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Updated 05/12/2015


The War March of the Clan Suibhne of Fanad

The Sweeneys, an Irish sept of the race of Ua Naill, can trace their ancestry from King Milesius of Spain through line of his son Heremon (King of Ireland; 1015-1028 BC). The sons of King Milesius were the legendary Celtic invaders of Ireland that conquered the land around 1000 BC.

Suibhne (Sweeney) is an old name, a very old name. In Irish it means pleasant and is pronounced SWIvNEYa. There are many High Kings associated with the history of the Sweeney name. There is Conn of the Hundred Battles, the 110th High King of Ireland. He was the mythical brother of Eogan, leader of the Gaelic tribes that settled in the midlands, Western and Northern areas of Ireland.

After the battle of Bannockburn there is no further mention of the Sweeney family in Scottish history. The Sweeneys of Castle Sween had returned to Ireland, where the senior branch went back to Rathmullan, almost in sight of the ancient (c. 1700 BC) stone fort, the Grianan of Aileach, from which they departed almost 200 years previously.

The Mac Suibhne remained a powerful family in Scotland up until the 14th century. They were forced from their territories around Argyll by Robert the Bruce’s sweep across the nation as he attempted to become King of Scotland. The Mac Suibhnes attempted to take back their land but lacked an army strong enough to overpower Bruce. They were forced to leave for Ireland.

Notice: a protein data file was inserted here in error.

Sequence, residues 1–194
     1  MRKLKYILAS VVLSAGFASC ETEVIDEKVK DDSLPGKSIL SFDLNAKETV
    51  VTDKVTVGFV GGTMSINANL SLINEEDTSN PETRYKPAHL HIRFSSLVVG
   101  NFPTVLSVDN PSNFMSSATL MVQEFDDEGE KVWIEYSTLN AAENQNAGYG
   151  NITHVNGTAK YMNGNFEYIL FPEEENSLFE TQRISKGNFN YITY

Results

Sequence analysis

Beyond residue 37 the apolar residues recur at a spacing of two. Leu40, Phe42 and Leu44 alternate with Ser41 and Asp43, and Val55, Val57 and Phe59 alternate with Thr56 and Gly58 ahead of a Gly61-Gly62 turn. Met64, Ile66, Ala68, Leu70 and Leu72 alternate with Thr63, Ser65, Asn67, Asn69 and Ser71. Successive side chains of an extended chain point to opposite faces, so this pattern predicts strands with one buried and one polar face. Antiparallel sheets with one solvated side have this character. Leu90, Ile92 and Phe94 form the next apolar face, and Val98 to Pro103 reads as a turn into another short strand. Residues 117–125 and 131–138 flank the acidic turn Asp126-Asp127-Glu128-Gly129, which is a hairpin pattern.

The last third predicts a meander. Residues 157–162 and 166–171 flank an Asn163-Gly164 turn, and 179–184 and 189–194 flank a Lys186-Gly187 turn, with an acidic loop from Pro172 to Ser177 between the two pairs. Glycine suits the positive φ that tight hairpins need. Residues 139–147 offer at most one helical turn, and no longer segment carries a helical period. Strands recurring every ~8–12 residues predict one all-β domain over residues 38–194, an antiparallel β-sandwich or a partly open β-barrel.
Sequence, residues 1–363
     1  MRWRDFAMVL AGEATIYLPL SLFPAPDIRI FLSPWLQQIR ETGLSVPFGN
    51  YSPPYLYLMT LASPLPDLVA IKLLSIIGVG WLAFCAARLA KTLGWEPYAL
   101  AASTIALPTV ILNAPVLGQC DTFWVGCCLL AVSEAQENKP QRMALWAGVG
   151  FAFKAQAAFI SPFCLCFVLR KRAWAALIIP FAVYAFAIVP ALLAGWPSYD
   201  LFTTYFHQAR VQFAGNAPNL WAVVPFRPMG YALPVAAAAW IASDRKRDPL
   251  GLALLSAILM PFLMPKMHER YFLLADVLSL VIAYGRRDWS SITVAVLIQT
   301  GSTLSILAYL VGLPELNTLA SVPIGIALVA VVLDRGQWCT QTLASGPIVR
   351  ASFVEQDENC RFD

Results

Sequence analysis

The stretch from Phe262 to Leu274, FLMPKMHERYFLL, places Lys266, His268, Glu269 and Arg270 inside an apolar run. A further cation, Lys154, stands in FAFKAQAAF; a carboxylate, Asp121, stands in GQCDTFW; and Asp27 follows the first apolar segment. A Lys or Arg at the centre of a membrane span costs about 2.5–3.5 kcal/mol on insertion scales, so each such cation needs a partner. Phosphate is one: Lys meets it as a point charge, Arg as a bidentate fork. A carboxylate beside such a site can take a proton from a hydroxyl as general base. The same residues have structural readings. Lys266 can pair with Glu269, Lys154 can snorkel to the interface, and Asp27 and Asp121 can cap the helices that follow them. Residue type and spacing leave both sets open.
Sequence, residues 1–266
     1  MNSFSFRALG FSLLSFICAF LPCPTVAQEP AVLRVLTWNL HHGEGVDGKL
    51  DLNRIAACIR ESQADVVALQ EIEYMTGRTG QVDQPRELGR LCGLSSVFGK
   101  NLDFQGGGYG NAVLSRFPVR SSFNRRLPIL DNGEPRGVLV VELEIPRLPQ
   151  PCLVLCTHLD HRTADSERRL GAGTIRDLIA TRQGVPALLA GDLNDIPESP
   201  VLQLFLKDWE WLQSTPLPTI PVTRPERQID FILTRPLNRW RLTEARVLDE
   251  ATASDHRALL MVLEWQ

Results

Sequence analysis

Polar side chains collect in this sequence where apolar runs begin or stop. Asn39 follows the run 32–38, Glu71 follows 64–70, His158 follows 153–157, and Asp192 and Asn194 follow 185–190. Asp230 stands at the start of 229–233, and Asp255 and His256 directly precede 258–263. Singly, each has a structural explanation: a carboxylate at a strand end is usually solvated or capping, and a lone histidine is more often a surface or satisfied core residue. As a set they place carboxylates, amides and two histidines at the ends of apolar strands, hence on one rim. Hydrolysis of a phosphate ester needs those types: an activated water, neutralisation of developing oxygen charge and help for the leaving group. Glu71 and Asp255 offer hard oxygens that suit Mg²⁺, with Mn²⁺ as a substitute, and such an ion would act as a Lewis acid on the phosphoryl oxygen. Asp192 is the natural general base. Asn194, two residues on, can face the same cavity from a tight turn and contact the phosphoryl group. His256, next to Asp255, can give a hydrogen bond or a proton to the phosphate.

They divided into three branches: Mac Suibhne Fanad, Mac Suibhne na d'Tuatha and Mac Suibhne Banagh.  Fanad (official name: Fánaid) is a peninsula that lies between Lough Swilly and Mulroy Bay on the north coast of County Donegal in Ireland. The origins of the name Fanad are lost in time though there is some speculation that the name derives from an old Gaelic word Fana for "sloping ground". It is also referred to as Fannet, Fanid, or Fannett in older records. 

Rathmullan was the seat of the Mac Sweeney Fanad for the next 400 years, during which time their influence extended from Donegal into Connacht and Munster. In Donegal their principle seats were Doe Castle and Rahan Castle near Killybegs.

All three of the Mac Suibhne clans were victims of Oliver Cromwell’s invasion of Ireland in the 16th century. They could not compete with the military strength of Cromwell and had their land taken and given to British settlers.


The name Mac Suibhne evolved into the more English sounding MacSweeney as the British integrated themselves into Irish society. The name then changed further, dropping the ‘Mac’ prefix. People did this because it was difficult to find work if you had an Irish sounding name. The more English sounding Sweeney would have offered a better chance.


Thousands of Sweeneys left Ireland for Britain, American and Australia during the ‘Great Famine’ in the mid-19th century. It is now a popular name around the world.